“We expect more outbreaks of small infectious diseases that we still consider tropical,” says Professor Martin Grobosch, Head of the Center for Tropical and Travel Medicine at the Medical University of Amsterdam.
He quickly adds: “New tropical diseases may seem exciting, and they are certainly expected, but this will not be our most pressing problem when we talk about climate change.”
West Nile virus and malaria
“We already have cases of West Nile virus in our country, and we will also see dengue and other mosquito-borne diseases in the future,” Grubusch said. “Even malaria seems possible. Maybe not on a large scale, but as a local outbreak.”
Professor Marion Koopmans, Head of the Department of Virology at Erasmus MC, agrees: “We are already seeing small outbreaks, but making direct links with climate change is not easy.”
The risk of vector-borne diseases (diseases that can be transmitted by mosquitoes or ticks, for example) is increasing, Koopmans says. “As you can see, the combination of rising temperature and humidity is important for this infection. Warming will make life easier for those vectors, the mosquitoes. Drier summers are not suitable for mosquitoes, so it is not easy to predict.”
Mosquitoes can transmit various diseases. These diseases include West Nile virus, dengue fever, yellow fever, Zika and malaria.
But according to Koopmans, it’s not just mosquito-borne diseases that pose a risk. It also points to the risks of natural phenomena such as floods, which may become more common due to climate change.
“A large class of infectious diseases can be transmitted through water and food,” says Koopmans. “If sewers overflow due to extreme weather, this will affect the environment.” “You’re also more susceptible to food infections, for example.”
So the risk of these types of diseases is increasing, but here large outbreaks of, for example, dengue or West Nile virus can be prevented, says Grubusch. It is important that general practitioners begin to recognize the symptoms of infectious diseases – which are still strange – more quickly. Or better to say: start getting acquainted again, Grubusch points out.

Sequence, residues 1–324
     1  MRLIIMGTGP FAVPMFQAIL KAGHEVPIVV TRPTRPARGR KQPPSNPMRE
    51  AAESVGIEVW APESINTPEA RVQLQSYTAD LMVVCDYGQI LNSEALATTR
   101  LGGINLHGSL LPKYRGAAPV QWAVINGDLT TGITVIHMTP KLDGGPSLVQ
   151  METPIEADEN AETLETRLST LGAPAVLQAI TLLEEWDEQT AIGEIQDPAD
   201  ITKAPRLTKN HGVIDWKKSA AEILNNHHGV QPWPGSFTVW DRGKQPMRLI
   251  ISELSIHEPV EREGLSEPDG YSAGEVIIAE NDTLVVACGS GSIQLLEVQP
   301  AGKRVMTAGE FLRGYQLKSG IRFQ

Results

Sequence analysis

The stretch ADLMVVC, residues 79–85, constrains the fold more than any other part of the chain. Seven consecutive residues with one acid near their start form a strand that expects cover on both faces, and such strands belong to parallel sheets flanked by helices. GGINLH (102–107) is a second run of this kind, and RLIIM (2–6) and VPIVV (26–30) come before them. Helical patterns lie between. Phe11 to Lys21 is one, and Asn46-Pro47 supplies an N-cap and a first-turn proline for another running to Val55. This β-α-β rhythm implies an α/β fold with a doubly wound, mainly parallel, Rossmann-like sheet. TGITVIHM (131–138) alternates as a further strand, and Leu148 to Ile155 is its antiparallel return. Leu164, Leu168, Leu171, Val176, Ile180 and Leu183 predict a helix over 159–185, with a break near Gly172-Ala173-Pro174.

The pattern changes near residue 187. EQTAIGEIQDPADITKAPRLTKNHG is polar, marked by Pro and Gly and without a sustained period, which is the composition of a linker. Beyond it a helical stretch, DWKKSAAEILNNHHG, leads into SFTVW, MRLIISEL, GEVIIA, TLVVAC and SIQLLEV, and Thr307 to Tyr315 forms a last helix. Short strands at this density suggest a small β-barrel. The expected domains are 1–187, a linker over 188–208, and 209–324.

Grubusch: “Two or three generations ago, every general practitioner in Friesland knew about malaria. The last local case dates back to 1958. Only 50 years ago, the World Health Organization no longer considered the Netherlands to be a malaria endemic area.”
Rising sea levels
Koopmans is conducting research with the Center for Epidemiology and Disasters into what changes we can expect to the landscape as a result of climate change. “As the water table drops and sea levels rise, you see a broader swath of land becoming increasingly salty,” she says.
“In addition, there are plans to create more water buffer zones and wetlands to prevent flooding. This will happen more often as global warming increases. These are the conditions in which malaria mosquitoes thrive, for example.”
However, Grobosch says, we should not blindly focus on the arrival of tropical diseases in the Netherlands. “This is not the biggest problem yet, and it will not be our biggest problem in the Netherlands in terms of climate change. We should not worry about an increase in infectious infectious diseases. But we have every reason,” says the professor. “To stay awake and think about how to combat climate change.”
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